Anyway, the apocalyptic-looking and earthquake-making angel then says,
“Do not be afraid; I know that you are looking for Jesus who was crucified. He is not here; for he has been raised”
Luke’s version of this has not one but two angelic-looking, dazzling creatures who simultaneously say:
“Why do you seek the living among the dead?” (Luke 23:5
I think that’s the point Matthew and Luke are both after. Look for Jesus, yes, but not among the dead. Look for Jesus among the living. You are living. The other disciples are living. Go to Galilee, back to where all your friends and family are living and look for Jesus there.
“There you will see him” says the angel.
The angel could have just told them that Jesus had been raised and was not to be looked for among the dead without removing the stone, but then how could the huge stone of incredulity and skepticism ever be moved from their hearts?
So, anyway, they see no Jesus there among the dead, in the tomb. So they leave this tomb in Jerusalem, with, Matthew says, “fear and great joy” and then, he writes:
“Suddenly Jesus met them and said, “Greetings!” And they came to him, took hold of his feet, and worshipped him.”
Seeing Jesus, Feet and All
If it is “suddenly” then they are not seeing him in Galilee yet, as the apocalyptic angel said they would, (which is 80 + miles away) but who cares? And now, the Jesus they see does have a body, including feet, which they fall down and take hold of, and do obeisance.
Jesus has the same message the apocalyptic angel had:
“Do not be afraid, go and tell my brothers to go to Galilee; there they will see me.”
Why all this attention paid to Galilee? What is going on in this story?
You need an apocalyptic angel if what you want to do is to reveal the future. You need the stone to be there blocking your vision because that is how it always starts: with blockage that needs removal.
That’s why Jesus’ central message was “Repent (literally change your thinking) the kingdom of God has come near.” The repentance is about removing the blockage – the stone in your heart. A necessary first step to seeing Jesus.
The the stone needs to be dramatically removed, by the action of the divine, because only God can do that, and when God does it, it is earth-shaking. Even grown up Roman soldiers melt like butter when it happens. A new day dawns.
Among the Living – In Galilee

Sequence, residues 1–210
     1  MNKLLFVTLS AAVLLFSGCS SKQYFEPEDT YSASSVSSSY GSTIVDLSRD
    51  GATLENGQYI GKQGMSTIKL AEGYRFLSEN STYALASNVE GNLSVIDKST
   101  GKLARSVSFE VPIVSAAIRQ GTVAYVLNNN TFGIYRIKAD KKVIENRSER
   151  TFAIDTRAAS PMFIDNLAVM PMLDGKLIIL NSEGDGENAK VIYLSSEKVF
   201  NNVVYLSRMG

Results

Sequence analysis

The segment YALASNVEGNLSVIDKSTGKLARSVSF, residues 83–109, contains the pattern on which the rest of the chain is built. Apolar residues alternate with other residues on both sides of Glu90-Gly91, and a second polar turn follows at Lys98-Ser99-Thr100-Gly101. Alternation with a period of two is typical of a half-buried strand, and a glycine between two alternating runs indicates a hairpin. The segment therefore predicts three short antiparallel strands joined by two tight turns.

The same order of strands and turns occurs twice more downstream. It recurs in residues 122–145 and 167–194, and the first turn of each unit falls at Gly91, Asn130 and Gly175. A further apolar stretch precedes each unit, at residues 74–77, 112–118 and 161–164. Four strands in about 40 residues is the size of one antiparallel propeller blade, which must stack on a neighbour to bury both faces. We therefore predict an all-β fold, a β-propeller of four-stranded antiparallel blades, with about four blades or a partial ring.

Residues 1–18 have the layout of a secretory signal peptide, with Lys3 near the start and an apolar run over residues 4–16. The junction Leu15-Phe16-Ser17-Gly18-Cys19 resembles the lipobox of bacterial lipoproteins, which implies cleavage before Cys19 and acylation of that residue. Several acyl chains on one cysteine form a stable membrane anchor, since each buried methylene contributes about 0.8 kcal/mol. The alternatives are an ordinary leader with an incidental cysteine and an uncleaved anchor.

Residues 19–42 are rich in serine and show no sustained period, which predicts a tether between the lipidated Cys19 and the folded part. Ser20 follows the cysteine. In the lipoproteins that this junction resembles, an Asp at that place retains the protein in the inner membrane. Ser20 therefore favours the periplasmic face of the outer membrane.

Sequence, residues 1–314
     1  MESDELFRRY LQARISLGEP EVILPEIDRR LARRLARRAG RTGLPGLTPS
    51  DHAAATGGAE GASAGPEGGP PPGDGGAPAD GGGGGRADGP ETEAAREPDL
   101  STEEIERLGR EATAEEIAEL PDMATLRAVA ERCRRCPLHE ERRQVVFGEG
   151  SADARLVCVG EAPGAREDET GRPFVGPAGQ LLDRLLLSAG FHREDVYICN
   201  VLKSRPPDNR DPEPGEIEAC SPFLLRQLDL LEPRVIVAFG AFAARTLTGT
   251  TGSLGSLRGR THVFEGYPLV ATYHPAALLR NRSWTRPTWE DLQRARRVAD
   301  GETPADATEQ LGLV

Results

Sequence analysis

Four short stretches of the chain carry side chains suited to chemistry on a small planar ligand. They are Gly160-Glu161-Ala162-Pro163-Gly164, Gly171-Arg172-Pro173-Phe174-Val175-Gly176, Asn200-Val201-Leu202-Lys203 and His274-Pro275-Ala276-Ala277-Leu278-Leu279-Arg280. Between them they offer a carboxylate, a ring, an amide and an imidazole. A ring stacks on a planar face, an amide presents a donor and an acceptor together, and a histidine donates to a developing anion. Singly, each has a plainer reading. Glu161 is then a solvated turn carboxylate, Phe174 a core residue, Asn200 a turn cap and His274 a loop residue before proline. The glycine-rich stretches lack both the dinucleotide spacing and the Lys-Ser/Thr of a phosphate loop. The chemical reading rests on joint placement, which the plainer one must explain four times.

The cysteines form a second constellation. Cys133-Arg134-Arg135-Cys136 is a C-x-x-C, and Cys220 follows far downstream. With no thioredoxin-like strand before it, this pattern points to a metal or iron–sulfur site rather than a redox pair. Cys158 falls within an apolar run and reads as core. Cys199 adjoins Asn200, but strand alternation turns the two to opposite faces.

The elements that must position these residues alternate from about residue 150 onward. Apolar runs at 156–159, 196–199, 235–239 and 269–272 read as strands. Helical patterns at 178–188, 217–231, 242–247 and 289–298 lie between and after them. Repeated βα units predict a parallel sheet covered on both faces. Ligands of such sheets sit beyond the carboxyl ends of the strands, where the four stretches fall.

But Jesus is not to be seen among the dead. He is not to be, for you, a distant and fading memory. He is not like last summer’s beach novel; appreciated, then shelved and forgotten.
Galilee is where you first encountered Jesus. Galilee is where he said, “Follow me” and you left your nets behind, and did.
Galilee is where you heard him go up the mountain and say,
“Blessed are the poor, …blessed are the meek, …blessed are the ones hungry for justice, …the pure in heart, (even if they are not pure according to the purity laws), … blessed are the peacemakers.”
Galilee is where he told you “you are the light of the world…you are the salt of the earth”
Galilee is where he said, “Love your enemies and pray for those who persecute you”
That is where you see Jesus; right there where you live.
Richard Rohr quoted Paula D’Arcy saying “God comes to you, disguised as your life.”
You see Jesus living where he said he could be seen. Jesus said he would be seen in the disguise of “the least of these”, the ones who are hungry, thirsty, laking proper clothing, incarcerated, so that inasmuch as you cared for them, you cared for him.
He is not among the dead, but among the living. If you get the stone out of the way, you will see.
It is not about believing in resurrection with your head, it is about living resurrection. This is why the Irish theologian Peter Rollins famously said, when asked if he denied the resurrection:
“Without equivocation or hesitation I fully and completely admit that I deny the resurrection of Christ. This is something that anyone who knows me could tell you… I deny the resurrection of Christ every time I do not serve at the feet of the oppressed, each day that I turn my back on the poor; I deny the resurrection of Christ when I close my ears to the cries of the downtrodden and lend my support to an unjust and corrupt system.”
But then, he goes on to say:
“However there are moments when I affirm that resurrection, few and far between as they are. I affirm it when I stand up for those who are forced to live on their knees, when I speak for those who have had their tongues torn out, when I cry for those who have no more tears left to shed.”
This way of affirming the resurrection is the dawn of the new day, the new Creation, the earthquaking event: when God rolls the stone in our hearts away, and opens the door to living resurrection.
This is the is the dazzlingly apocalyptic future that God offers to us. That we would be transformed from self-important, self-protective people, into people who seek first the kingdom of God and his justice.
And when we do, we see Jesus as a living reality for us. His words live in us. His vision of a reconciled and healed humanity becomes our vision. It happens right here in our Galilee, in Gulf Shores, in Baldwin County. When we live so that God’s will being done on earth as it is in heaven, we say, “Alleluia! Christ is Risen!”